Since the tap water isn't potable here, I've been buying large amounts of packaged drinks. Instead of plain water, I prefer to have some flavor. So, I've been drinking large amounts of soda, energy drinks, sports drinks, juices, beers, etc. These drinks seem popular with the locals, presumably for the same reason. They're quite refreshing, although they contain large amounts of sugar, and often alcohol or caffeine.
I'm becoming more of a morning person. Appreciating as many daylight hours as I can!
I'm now aiming to do the Samana peninsula this upcoming week or so. Then, head along the northern coast for a while. At some point, I probably want to head back inland. Previously I'd thought of just going around the coast, only digging inland for major points like the northern city of Santiago. However, I am liking this inland area so much, I now plan to see as much of the interior as I can. Not just in RD, but going forward, I aim to see far more of the country away from the coast, in addition to the coastline.
This morning, a large troupe of pigs came by my camp spot, eating up whatever they can! They definitely deserve/earn their name, snorting and eating and excreting constantly!
So many noisy motorcycles here (and elsewhere). I'm tempted to start an electric bike company just to reduce the noise somewhat!
Every country seems to have certain patterns, e.g. the country music in Republica Dominicana, the smells of wood smoke, etc., seem understandable from an American country perspective, too.
RD has few American stores, not much American influence. This country shows that even without strict restrictions, as in Cuba, a country in this region can have economic and social patterns more reminiscent of Cuba, i.e. the effects that I observed in Cuba were due to geographic and cultural causes not exclusively related to the communist revolution.
Aiming to go to Haiti after RD. People here have warned me, as people in Canada warned me about the US, people in the US warned me about Mexico, people in some parts of Mexico warned me about other parts of Mexico, etc.
I think it's important to go anyways, unless you have a serious impediment.
With so much sun and rain here, it's often difficult just to be outside.
Napped and slept much of the weekend. I think it (yesterday) was the first time in two weeks, since I started riding in Republica Dominicana, that I didn't have a ride day.
I got tired after the last while. I wanted to take a rest day last week, but was in a busy situation. I think it's important to have some time off.
It felt epic to sleep so much. However, I now feel like working, eating, drinking, riding, again!!!
Thunderstorms predicted, rough roads described, people warned me not to go. Just take the ferry.
Out of sunblock.
Low on cash.
Decided to go anyways!
The mountain proved way more beautiful than expected. I wanted it to keep going longer!
On the way up, ate my first fresh guanabana!!!
Around the top, ran into some cattle!
On the way down, found some avocados!!!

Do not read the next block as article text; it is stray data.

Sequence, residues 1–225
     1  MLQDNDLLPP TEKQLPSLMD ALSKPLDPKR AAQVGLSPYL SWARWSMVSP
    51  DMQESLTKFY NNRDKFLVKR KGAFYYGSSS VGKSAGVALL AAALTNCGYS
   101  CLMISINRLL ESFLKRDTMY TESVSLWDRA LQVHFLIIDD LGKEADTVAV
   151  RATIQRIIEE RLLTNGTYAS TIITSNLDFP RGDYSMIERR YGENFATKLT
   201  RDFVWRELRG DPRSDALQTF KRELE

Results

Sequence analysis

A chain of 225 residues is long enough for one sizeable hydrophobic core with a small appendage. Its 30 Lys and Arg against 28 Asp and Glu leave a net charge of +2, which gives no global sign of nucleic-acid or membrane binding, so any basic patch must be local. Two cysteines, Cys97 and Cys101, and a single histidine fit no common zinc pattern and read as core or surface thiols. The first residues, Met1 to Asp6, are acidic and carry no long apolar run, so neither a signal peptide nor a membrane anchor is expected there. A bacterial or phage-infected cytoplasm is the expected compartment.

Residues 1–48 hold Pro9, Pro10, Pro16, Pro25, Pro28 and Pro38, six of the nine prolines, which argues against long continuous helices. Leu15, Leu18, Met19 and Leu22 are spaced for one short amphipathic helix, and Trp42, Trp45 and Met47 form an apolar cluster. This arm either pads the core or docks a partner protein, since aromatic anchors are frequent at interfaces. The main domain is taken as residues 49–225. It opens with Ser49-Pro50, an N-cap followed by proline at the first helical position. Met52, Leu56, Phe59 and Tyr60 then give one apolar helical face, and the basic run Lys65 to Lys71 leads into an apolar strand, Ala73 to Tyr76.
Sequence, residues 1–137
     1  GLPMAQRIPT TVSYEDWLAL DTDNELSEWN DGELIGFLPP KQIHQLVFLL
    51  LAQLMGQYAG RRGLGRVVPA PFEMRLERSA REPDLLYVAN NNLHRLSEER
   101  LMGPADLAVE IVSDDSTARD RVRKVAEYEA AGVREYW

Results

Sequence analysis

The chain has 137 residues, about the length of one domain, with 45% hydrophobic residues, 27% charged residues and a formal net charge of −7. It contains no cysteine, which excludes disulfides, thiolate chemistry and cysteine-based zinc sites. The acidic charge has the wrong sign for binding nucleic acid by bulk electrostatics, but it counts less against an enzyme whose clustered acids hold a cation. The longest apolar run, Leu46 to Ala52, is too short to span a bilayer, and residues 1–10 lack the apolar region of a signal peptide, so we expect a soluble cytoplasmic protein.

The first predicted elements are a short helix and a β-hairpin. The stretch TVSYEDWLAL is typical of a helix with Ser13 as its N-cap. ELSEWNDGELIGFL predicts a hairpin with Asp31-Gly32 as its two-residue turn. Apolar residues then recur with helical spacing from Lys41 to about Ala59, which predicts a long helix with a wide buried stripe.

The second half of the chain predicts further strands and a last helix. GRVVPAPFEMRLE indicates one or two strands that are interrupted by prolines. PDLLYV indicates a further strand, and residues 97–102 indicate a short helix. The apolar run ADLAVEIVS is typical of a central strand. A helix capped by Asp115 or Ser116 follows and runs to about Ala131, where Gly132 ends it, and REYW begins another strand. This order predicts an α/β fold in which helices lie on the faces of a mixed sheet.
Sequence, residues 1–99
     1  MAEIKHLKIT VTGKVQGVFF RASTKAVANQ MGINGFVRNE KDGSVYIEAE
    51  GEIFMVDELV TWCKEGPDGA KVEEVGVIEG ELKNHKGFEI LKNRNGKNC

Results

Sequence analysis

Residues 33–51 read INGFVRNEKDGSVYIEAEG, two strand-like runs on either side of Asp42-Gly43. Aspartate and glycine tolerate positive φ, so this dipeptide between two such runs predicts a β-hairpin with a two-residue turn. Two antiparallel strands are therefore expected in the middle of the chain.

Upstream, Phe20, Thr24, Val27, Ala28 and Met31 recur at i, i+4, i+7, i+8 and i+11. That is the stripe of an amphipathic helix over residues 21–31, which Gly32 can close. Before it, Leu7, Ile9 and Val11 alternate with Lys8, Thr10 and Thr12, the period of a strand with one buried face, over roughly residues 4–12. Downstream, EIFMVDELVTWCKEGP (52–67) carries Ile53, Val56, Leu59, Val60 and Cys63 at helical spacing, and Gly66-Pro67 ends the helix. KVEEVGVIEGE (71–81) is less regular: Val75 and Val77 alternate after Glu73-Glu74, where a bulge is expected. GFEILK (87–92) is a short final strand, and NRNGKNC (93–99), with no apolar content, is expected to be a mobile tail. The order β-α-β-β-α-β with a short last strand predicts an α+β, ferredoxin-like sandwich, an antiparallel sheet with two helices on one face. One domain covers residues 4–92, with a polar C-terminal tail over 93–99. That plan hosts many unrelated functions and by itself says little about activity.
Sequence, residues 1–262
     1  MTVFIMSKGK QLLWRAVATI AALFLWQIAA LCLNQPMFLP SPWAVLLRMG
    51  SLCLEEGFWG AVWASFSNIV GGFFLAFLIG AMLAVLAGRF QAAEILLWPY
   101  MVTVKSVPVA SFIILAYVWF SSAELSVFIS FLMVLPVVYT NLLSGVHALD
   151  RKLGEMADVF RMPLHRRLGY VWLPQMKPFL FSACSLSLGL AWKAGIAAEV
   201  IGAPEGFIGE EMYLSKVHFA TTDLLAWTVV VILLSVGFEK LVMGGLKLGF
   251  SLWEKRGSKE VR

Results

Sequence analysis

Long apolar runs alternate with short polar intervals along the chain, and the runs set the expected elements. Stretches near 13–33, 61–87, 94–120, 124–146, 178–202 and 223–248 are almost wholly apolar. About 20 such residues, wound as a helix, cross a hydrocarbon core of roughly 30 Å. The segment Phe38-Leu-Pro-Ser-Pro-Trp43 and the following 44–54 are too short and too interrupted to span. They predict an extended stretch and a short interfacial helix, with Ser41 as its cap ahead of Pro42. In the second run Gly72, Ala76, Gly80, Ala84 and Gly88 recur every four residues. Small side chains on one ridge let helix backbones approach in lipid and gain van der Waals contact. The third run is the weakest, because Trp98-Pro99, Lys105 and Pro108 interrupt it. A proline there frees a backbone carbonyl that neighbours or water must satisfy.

Just making it into the next town, Hato Mayor.
Sat down to write, in a pile of ants. Oops!
Going to aim for some work!
Hard to find a quiet place with decent wifi. Even more so than in developed countries.
Sunblock's hard to find at all, and often expensive. I was just at a pharmacy, prices ranging from $16.40 US to $32+.
The lights went out repeatedly while I was shopping there.
Finally, after hours of walking around the (somewhat attractive cattle and citrus) town, found wifi!
Also managed to exchange my remaining US$20 bill!
Lesson: Go anyways.
After complaining for a while about the lack of road from here to Samana, it turns out there's a ferry I didn't know about! Now, after all that, I may not even want to take the ferry!
The ferry is cheap and runs four times daily, and even carries bikes. However, I'm not sure whether I'm ready yet to get to the peninsula. Instead, I'm considering doing the inland ride. I want to slow down to get more work done (sometimes I feel a rush to leave a place because I'm uncomfortable there, or there's a lack of amenities, when I still have work to do). Also, the mountain doesn't look as tall as I'd thought, and the towns look more numerous and interesting than I thought.
I'm still unsure. It's a difficult decision for me to make. Last night, when I went to the ferry station, I was tempted to board. However, while I occasionally have large pressure to leave (e.g. for visa requirements), I now feel the opposite pressure to slow down, spend more time in the country.
Decided to go inland first. We'll see if I stick to that decision!
Had a sandwich and two sodas for breakfast, for around a dollar.
Went to the town center for wifi, where there's the municipal government building. Noisy, with tons of motorcycles, people yelling, etc. Found a shaded area outside. Sat down in the grass. A woman in a suit walked out. Trained by years in the US, I expected her to ask me to leave. Instead, she asked if I wanted a chair! Dominicans are friendly, if loud.
She even brought me a bottle of water!
A tour bus full of East Asians is parked outside, and the group just left the government building. Not sure what they're doing here. Haven't seen too many Asians around RD. Yesterday I did see what looked like a Chinese guy running a general merchandise store.